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May-20-2011 21:57printcomments

Are Mideast Despots Doomed?

Variables in the "Arab Spring".

Middle east revolution

(SALEM, Ore.) - In the US, springtime is usually associated with the advent of pretty flower gardens and a time of renewed fragrance. As we take a whiff of life in the Mideast and North Africa, the picture differs greatly. What are the realistic chances for democracy to truly bloom for the so-called "Arab Spring"? Will the parched desert of procrastination prevail or be reversed? There is no simple answer, notable progress notwithstanding. What began as a people's revolution for freedom in Tunisia and soon spread to the masses in ancient Egypt has encountered formidable roadblocks in Yemen, Bahrain, Libya, and Syria. Mayhem and massacre have been the government's response in unliberated Libya and super-stubborn Syria as its incumbent despots have used the full power of mow-them-down to crush the quest for freedom, albeit merely peaceful protest. Because of US military involvement or two war fronts, Iraq and Afghanistan-Pakistan, our capacity to train and arm opponents of these repressive regimes is virtually nil. Add the wild card of our need for renewed vigilance worldwide in view of Al Qaeda threats to retaliate for Bin Laden's death by Navy Seals, and the danger of being "stretched thin" is omnipresent. Whether economic sanctions on these Mideast tyrants shall be effective has not been assured, but it does represent a viable alternative worth considering. President Obama makes sense in veering toward a more even-handed approach in seeking better results over the Israel-Palestine conflict that seems at impasse. Many supporters of the policies of Rabin are disenchanted with those of hardliners like Sharon and Netanyahu. Indeed, there is no national interest in assuming that all Israeli leaders might be created equal. That simply is not reality. Many diplomats from the Mideast and elsewhere are convinced that the unresolved Palestine issue lies at the root of the long-simmering unrest that continues to grip that region. Into this cauldron falls the cries of freedom-seeking Muslims who wish to emulate Egypt and cast off the yoke of archaic dictators. But the path to peaceful progress is often blockaded, both figuratively and literally -- and each nation has individual issues that impede their worthy struggles. Rome was not built in a day, it is said. So too then Damascus and Sanaa cannot be rebuilt politically in a month. The Arab Spring has come and born some fruit. On the horizon looms a long, hot summer, and the embers burn on, consuming many innocents along that uneven terrain. The Cradle of Civilization is striving to reach maturity.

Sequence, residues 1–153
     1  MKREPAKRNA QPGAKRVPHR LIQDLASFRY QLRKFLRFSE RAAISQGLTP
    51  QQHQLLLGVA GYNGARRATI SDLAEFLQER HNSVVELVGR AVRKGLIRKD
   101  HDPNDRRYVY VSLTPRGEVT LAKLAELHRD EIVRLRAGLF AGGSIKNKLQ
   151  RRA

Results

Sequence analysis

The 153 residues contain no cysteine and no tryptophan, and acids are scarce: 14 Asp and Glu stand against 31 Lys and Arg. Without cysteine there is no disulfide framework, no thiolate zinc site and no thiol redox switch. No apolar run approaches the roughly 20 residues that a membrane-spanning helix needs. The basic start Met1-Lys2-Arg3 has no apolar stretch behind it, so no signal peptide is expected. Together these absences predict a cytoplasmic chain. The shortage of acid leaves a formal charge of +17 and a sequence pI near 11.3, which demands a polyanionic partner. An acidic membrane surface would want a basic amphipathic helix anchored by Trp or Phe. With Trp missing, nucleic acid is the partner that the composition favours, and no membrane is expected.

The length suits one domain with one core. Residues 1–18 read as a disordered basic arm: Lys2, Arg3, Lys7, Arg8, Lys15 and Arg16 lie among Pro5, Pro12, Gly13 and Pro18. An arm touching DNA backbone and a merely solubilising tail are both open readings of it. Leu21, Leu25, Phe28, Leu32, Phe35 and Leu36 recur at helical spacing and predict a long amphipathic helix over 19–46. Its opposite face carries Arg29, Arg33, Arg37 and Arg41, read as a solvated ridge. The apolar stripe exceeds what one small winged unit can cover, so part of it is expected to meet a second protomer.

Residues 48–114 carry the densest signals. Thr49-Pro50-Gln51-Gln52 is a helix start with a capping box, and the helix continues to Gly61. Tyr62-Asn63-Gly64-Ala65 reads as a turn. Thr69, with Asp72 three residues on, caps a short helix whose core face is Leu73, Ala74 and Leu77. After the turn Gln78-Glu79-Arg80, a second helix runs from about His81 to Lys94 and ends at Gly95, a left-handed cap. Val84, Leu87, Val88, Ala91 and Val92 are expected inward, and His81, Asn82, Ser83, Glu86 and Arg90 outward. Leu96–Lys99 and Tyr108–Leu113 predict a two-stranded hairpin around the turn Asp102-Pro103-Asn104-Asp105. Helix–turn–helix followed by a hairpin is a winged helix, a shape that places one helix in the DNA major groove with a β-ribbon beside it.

_________________________________ Community Writer Barry Lee Coyne brings to our readers stories from his combined career of journalism and gerontology, and explains that these paths shaped his values. Lee Coyne once worked for The Civil Service Leader in NY State and covered the Legislature. He has also done features on mediation and arbitration, and believes in healthy skepticism. This writer-therapist often views the world as the masks of comedy and tragedy placed upon the scales of justice. For him, optimism inevitably wins. "Lyrical Lee" has traveled to 30 nations aboard and was once a press intern at the UN. His first published article was in The NY Daily News in '59, dealing with the need for integrity in public office.

He also launched the nation's first tele-conference on health education for shut-ins, created the Eldermentors project in VA to pair retirees with immigrant students needing role models, and was the main catalyst behind CCTV's "Public Public" panel show here in Salem. Lee received his BA in International Relations and an MSW in community organization. He currently serves as a member of Salem's Library Advisory Board. To send Lee an email, please write to this address:

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